***For additional tidbits on the adventure, er, making-of OBSOLESCENCE, check out the blog entry SHADE OF GREY in LA***

As I mentioned, I shot a new short film while I was visiting LA for Shade of Grey’s West Coast Premiere festival screening. It’s titled Obsolescence, and things are looking good thus far! The setup: Obsessed with and tormented by the notion that things aren’t as they seem, Nick (Scott Ganyo) embarks on a dangerous journey to uncover the truth behind his wife’s untimely passing. Yeah, I know that’s vague, but it’s all I’m ready to divulge at this point. It’s sort of a dark sci-fi thriller.

It’s based on a feature script I’ve been writing for awhile. This short film is set up as the back story for one of the main characters in the feature, and also a potential web series, so this is sort of a “testing the waters” project. Scott and I wrote and produced this one together, which was a lot of fun, and quite interesting. The entire production was very “guerrilla” style (kind of become a catch phrase on set… I think at one point I made monkey noises, because I’m a dork). I worked out a draft of the script before heading off to Cali, and found myself re-writing a newer draft while waiting at airports (don’t you love it when your connecting flight gets canceled and you’re stuck sitting in an airport terminal ALL day???). Then Scott and I found ourselves re-writing scenes till 4:30am most nights, er mornings.

Scott and I are kind of like brothers at this point… but sometimes we have very contradictory opinions. I tend to be wordy and enjoy thick, conversational dialogue between characters. Scott likes things to be succinct and minimalist. I like to go dark. Scott likes to go happy. So I’d write something and Scott would often be like “But… no.” Sample conversation between us during the late night re-writes:

(Jake finishes the latest draft, hands it to Scott.)
Jake: “Here it is! Take a look, this’ll be great!”
Scott: “But Jake, this script is balls!”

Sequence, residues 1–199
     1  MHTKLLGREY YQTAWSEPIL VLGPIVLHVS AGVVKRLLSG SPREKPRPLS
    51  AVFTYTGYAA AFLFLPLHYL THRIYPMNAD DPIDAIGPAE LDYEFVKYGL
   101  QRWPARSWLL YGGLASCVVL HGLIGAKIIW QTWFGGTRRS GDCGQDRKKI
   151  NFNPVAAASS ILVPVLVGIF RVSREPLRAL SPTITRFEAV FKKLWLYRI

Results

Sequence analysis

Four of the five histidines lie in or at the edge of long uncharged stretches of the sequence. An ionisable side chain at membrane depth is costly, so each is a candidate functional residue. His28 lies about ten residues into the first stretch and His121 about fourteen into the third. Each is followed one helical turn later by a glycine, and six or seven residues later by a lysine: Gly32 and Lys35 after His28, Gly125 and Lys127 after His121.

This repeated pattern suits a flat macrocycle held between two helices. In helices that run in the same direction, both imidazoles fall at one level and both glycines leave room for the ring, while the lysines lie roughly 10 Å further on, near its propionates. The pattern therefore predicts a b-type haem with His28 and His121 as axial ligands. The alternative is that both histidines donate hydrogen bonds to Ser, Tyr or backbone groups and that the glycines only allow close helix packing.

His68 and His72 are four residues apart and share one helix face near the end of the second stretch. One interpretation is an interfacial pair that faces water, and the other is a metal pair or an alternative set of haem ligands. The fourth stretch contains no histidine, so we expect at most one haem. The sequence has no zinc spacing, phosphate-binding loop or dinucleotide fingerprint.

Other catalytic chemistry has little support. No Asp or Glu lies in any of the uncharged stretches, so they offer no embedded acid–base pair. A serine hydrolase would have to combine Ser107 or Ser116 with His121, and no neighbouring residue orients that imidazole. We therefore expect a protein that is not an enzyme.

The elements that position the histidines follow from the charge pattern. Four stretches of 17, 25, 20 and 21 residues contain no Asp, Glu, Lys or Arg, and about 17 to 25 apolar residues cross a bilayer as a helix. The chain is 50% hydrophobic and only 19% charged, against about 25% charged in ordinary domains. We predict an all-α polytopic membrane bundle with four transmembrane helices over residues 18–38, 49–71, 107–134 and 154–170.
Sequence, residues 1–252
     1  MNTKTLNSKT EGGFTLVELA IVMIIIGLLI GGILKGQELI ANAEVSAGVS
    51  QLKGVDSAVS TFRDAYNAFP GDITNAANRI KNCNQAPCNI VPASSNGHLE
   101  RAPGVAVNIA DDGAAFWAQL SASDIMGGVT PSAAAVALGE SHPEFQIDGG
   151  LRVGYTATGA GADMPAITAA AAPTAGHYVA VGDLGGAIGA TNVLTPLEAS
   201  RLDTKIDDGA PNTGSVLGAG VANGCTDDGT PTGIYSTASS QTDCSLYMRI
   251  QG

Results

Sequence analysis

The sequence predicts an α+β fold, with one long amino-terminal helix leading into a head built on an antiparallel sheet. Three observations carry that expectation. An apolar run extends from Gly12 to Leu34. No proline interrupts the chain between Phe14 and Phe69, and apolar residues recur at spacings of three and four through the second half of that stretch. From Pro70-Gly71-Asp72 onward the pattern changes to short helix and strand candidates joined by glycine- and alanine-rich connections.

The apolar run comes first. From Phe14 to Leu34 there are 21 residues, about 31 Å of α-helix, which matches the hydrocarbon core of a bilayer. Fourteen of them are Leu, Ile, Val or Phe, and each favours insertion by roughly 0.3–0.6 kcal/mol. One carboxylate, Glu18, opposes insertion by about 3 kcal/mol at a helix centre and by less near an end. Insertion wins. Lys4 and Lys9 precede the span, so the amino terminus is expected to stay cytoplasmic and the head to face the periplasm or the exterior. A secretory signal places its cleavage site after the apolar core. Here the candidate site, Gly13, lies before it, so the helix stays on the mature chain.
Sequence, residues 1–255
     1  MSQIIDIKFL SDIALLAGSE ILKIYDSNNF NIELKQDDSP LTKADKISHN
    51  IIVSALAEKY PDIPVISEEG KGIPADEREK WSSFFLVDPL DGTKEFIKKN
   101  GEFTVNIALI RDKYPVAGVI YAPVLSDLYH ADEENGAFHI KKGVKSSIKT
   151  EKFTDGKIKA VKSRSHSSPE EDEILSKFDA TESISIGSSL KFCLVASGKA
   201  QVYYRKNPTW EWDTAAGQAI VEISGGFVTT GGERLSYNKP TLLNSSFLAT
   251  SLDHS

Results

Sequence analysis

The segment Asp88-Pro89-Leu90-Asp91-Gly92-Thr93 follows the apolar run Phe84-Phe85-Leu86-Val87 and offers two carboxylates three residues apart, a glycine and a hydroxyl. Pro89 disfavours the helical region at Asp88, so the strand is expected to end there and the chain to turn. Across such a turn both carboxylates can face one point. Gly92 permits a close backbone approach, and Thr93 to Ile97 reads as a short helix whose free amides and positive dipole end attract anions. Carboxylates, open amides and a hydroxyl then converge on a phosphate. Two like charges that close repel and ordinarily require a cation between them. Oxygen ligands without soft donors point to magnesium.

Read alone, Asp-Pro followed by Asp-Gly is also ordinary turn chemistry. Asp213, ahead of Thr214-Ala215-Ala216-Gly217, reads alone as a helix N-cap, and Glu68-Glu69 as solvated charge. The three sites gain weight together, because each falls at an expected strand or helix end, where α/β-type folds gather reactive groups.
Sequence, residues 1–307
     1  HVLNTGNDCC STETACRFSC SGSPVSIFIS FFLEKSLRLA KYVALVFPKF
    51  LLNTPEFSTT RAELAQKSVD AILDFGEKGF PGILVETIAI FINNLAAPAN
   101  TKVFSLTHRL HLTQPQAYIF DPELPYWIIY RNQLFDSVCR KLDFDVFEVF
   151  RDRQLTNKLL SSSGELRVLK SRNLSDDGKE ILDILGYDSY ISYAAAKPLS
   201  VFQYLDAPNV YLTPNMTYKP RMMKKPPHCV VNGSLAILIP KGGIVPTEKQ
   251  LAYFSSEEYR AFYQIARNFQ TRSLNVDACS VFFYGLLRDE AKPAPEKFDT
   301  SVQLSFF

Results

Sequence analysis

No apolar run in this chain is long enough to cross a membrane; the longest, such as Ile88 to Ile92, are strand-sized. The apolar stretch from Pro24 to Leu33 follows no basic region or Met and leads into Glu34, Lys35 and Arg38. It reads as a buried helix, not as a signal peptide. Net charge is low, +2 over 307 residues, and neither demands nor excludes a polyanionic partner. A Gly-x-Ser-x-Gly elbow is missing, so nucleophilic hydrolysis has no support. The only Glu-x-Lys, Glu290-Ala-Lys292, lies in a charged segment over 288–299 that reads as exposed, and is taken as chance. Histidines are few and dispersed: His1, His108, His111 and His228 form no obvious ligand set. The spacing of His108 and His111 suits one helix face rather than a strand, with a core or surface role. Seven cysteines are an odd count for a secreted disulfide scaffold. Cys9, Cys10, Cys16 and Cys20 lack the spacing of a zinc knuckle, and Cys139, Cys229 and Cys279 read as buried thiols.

(Scott hands Jake pages back with huge chunks of dialogue crossed out.)

We’d go back and forth like that for awhile. Scott would suggest this, I would suggest that. I’d accuse Scott of hating me. Then I found out that he’d never seen the SNL Digital Short Jizz In My Pants. After watching it a ridiculous number of times on Youtube, we got back to work. That damn thing got quoted a lot. At one point I think we ended most of the script’s scenes with Nick’s character doing just as that title suggests. Anyway, I digress. The things we did have in common: We both prefer the story to be focused on the characters and their relationships. We both like subtleties and metaphors. We both have very off-kilter senses of humor. Somewhere along the line, we discovered a draft we could both live with.

We cast the thing on the fly. We did last minute re-casts on the fly. We found locations on the fly. Actors got their scenes shortly before they were filmed. It all moved at a breakneck speed, sort of like a modified version of shooting a 48 Hour Film project.

With Scott (Mind of Mencia, 1000 Ways To Die, Zorg and Andy, The Dark Knight, and oh you know… Foxxy Madonna vs The Black Death and Shade of Grey)  playing the lead, we had three other roles to fill. The role of Tess went to Rosalind Rubin (The Cleaner, 12 Rounds), who I’d previously worked with on both Mime and Concentric, and I have to say her talent has grown since I last directed her. Jen Lilley (Two and a Half Men, The Changeling) played Annie, Nick’s wife, and displayed an impressive ability to master her scenes at an incredible pace, despite getting the script only hours before shooting – a very talented actress. And the role of Detrick went to Luca Ellis, who’s a helluva Sinatra-esque crooner. Seriously, dude’s got mad skills and a great screen presence.

In the first day of shooting, we covered 4 scenes (11 pages) in just about 8 hours. That encompassed a torture scene in LA, and all of Annie’s scenes – in a car, on a beach, and on a pier at sunset (sadly, not on a boat) in Ventura. After a final bout of re-casting, we shot the remaining scenes two days later, up in Santa Clarita, the bulk of which was Nick’s confrontation with Detrick. By the time principal photography wrapped, we’d shot for an accumulated total of a day and a half (12 hours). Not bad. All things considered, I think this is the fastest I’ve ever moved on a production.

Am currently working on a teaser poster, website, and other goodies (hope to have a teaser trailer soon). Mostly though, I’m just cutting away at the footage. Stay tuned for more…


~ by cinephreakpictures on August 24, 2009.

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